World

In Argentina, Hollywood’s '12 Angry Men’ helps nation usher in trial by jury

Argentina is using the 1957 Hollywood classic, “12 Angry Men,” to teach the public about how juries function, just days before the country’s largest province begins its first ever trial by jury.

Some 2,000 copies of the film are being shown and distributed in small villages, towns and universities throughout the province of Buenos Aires in a campaign launched by the government last summer to educate the population as well as convince skeptical lawyers and judges that juries can actually work.

“It’s a very popular movie here in Argentina,” said Dr. Andres Harfuch, vice president of the Argentinian Association of Trial by Juries, who first saw “12 Angry Men” when he was 14.

“The movie instills this enormous sense of responsibility about how an ordinary citizen is empowered with the most extraordinary decision of their lives – to decide whether a citizen is guilty or not,” Harfuch told Fox News Latino.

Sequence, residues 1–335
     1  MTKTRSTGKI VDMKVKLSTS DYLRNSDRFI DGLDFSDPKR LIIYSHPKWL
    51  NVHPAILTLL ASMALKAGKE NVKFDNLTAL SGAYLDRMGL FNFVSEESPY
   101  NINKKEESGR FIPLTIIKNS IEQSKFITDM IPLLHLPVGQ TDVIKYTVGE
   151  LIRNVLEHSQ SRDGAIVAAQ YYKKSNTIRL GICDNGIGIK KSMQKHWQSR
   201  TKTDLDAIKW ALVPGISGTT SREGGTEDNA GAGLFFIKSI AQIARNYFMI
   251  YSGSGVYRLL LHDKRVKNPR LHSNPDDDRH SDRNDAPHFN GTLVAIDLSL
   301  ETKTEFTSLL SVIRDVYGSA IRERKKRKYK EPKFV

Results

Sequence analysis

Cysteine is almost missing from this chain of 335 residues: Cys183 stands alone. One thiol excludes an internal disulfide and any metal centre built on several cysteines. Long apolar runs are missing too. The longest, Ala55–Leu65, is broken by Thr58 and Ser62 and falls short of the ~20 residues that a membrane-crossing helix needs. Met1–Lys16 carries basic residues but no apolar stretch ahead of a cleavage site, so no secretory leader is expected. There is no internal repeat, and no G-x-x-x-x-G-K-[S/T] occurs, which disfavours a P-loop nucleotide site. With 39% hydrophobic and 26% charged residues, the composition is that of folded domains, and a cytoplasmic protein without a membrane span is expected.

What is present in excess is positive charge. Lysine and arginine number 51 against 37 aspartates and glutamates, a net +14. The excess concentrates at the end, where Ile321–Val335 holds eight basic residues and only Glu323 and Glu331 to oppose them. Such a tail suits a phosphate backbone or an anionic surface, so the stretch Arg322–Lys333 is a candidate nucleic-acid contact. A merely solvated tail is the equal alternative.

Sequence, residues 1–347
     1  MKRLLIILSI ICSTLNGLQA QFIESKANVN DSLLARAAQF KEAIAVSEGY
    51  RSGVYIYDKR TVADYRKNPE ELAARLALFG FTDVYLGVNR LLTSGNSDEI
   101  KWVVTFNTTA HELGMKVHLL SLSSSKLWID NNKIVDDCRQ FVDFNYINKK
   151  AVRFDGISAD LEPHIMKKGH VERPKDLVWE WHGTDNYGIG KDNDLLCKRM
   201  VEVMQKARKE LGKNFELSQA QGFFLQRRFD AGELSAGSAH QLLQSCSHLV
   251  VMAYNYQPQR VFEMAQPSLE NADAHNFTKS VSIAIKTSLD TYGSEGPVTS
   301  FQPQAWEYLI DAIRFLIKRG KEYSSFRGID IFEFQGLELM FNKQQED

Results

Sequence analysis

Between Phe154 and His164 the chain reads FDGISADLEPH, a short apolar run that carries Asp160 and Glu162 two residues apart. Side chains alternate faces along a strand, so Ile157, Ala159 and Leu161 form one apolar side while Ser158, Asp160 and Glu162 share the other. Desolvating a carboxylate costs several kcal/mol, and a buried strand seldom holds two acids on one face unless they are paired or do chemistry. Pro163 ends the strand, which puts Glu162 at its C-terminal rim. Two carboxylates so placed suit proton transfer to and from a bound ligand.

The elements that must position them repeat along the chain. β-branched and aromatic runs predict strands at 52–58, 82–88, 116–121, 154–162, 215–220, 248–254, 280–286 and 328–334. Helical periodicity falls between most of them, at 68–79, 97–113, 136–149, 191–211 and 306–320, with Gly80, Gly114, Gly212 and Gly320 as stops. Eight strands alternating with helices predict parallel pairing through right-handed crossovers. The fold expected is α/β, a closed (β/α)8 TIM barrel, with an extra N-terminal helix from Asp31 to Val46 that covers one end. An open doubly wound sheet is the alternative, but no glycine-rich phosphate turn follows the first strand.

Next week, a jury made up of 12 Argentinians will begin to put what they’ve learned, from the film and beyond, to the test. The jurors will decide the fate of a man accused of murdering his sister’s ex-boyfriend.

It’s a high-stakes trial for all involved. Buenos Aires province, which does not include the capital city, is home to 20 million people, nearly half the country’s population, and for many this will be their first taste of a trial by jury. Whether or not the national congress decides to pass legislation establishing a jury system throughout the nation may very well depend on its success here.

The black-and-white drama, known in Argentina as “12 Hombres en Pugna,” was directed by Sidney Lumet. It takes place inside a deliberation room where 12 men try to reach a unanimous decision over whether a young immigrant is guilty of murdering his father.